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Creating a Digital History Commons through
crowdsourcing and participant digitisation
Mia Ridge, Open University, UK
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Creating a Digital History Commons through crowdsourcing and participant digitisation

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A conference poster and talk for the Herrenhausen Digital Humanities Conference in Hannover, December 2013. More at http://www.miaridge.com/herrenhausen

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Transcript of "Creating a Digital History Commons through crowdsourcing and participant digitisation"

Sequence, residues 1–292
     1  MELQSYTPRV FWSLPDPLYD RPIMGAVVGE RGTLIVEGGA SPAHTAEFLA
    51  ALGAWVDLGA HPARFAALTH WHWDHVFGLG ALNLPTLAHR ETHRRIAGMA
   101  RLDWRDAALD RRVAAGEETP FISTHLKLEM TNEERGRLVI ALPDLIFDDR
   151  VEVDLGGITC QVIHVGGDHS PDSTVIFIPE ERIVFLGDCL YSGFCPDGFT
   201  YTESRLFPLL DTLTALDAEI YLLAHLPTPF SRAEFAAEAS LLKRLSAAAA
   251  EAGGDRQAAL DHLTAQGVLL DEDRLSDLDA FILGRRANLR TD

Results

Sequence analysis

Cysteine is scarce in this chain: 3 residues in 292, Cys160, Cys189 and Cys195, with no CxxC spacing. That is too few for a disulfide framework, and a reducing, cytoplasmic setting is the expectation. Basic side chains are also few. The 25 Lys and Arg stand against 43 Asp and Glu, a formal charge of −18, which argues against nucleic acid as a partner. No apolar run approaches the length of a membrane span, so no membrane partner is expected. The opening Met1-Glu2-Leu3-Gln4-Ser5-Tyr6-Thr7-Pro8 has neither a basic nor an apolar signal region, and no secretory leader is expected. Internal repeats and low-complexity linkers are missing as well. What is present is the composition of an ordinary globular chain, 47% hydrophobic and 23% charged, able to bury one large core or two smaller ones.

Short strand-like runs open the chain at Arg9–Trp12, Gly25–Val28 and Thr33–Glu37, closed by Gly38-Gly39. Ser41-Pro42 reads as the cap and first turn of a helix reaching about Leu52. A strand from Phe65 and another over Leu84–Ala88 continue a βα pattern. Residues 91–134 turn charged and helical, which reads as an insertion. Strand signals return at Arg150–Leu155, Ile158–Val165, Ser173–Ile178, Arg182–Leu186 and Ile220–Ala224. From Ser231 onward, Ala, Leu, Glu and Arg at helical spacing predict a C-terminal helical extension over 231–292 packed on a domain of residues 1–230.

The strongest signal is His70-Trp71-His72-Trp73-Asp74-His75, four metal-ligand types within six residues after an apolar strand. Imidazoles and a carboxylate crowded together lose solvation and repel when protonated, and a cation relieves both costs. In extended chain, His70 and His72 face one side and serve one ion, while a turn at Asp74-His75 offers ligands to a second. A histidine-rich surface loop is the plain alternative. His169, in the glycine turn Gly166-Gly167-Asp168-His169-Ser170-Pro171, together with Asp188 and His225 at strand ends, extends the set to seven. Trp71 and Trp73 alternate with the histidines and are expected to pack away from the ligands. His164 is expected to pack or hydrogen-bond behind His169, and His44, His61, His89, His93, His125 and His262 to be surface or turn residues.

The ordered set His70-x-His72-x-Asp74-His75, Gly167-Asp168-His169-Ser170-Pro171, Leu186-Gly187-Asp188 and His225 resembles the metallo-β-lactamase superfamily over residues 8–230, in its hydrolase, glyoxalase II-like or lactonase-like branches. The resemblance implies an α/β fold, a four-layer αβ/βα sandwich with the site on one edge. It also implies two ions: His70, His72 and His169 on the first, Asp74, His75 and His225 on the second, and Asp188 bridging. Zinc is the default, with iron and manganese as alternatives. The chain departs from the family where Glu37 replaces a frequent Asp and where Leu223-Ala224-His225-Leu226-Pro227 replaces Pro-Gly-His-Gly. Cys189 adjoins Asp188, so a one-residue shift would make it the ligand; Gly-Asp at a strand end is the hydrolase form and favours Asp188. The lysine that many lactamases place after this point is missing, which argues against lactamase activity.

1. 1. Creating a Digital History Commons through crowdsourcing and participant digitisation Mia Ridge, Open University, UK The premise... Simone travels to archives in her semester breaks, taking photos of most documents 'in case they're useful later', transcribing key text from others. Andre is at the next table. The documents he collected for his last research project would be useful for Simone's current book but he has no way of sharing them. Martha and Bob joined their local history society when they retired. They're helping find out what happened to children from the village school's class of 1898 during World War I. They are using census returns and other online documents to add records to a database the society's secretary set up in Excel. Daniel has his grandmother Sarah's letters and diary, describing her travels and everyday life from the turn of the century. He's transcribing them and wants to put them online to share with his extended family. One day he wants to make a map for his kids that shows all the places their great-grandmother visited. Seema has two young kids and works for a local authority. She enjoys playing games on her mobile, and after the kids have gone to bed she transcribes ship logs on the Old Weather website while watching TV. Sites like Old Weather use 'microtasks' and crowdsourcing to digitise large amounts of text. ... a Commons could help connect everyone's efforts for the greater good None of our friends above know it, but they're all looking at material from roughly the same time and place. Andre and Simone could help each other by sharing the documents they've collected over the years. Sarah's diaries include the names of many children from her village that would help Martha and Bob's project, and Seema could help everyone by transcribing sections of Sarah's diary. These materials could be aggregated in a Commons accessible to all. By enhancing the records with the techniques and productivity of crowdsourcing in combination with the contextualisation and research tasks historians already do, primary sources from anywhere could be made available in digital repositories. Building a Participatory Commons Official collections held by archives, libraries, museums Historians' personal research collections • Includes texts, tabular data, images, artefacts from a variety of sources • Enhanced with annotations, references, variable documentation at item level • Organised by research project, collected over time for different purposes, uncertain copyright status • Includes letters, diaries, personal photographs usually from prominent people or organisations; property transactions; births, deaths and marriages; wills; employment records; local newspapers • Organised by source and purpose 'Shoe box' archives • Collections held by ordinary people - inherited from family etc • Sparse documentation e.g. personal recollection, album labels • Includes letters, diaries, personal photographs usually from ordinary people; scrapbooks; artefacts and ephemera Commons Typical tasks historians perform Take digital photographs Organise by research question Typical crowdsourcing microtasks Compare to other sources Record document context Link to people Link to places Structured text transcription Descriptive tagging Full text transcription Research Questions • Is a Commons the best model for collaborative digital history resources? • How and why might historians resist using or contributing to • What is needed to ensure the reliability of resources from 'shoe box' collaboratively created digital history resources? archives? • How might historians be encouraged to share their personal research • Which lessons in microtask design and task scaffolding from citizen collections alongside traditional publications? science/crowdsourcing are relevant? • How can the expertise of archivists be shared beyond physical visits to archives? Find out more at http://www.miaridge.com/herrenhausen/ Image credits: Old Weather http://oldweather.org/ London - Archive Research by Magnus Halsnes http://www.flickr.com/photos/magh/2870616505/ The Old School, Bracon Ash, Norfolk by mira66 http://www.flickr.com/photos/21804434@N02/9515408385/ Curzona Allport from Tasmanian Archive and Heritage Office http:// www.flickr.com/photos/tasmanianarchiveandheritageoffice/ 8595612313/

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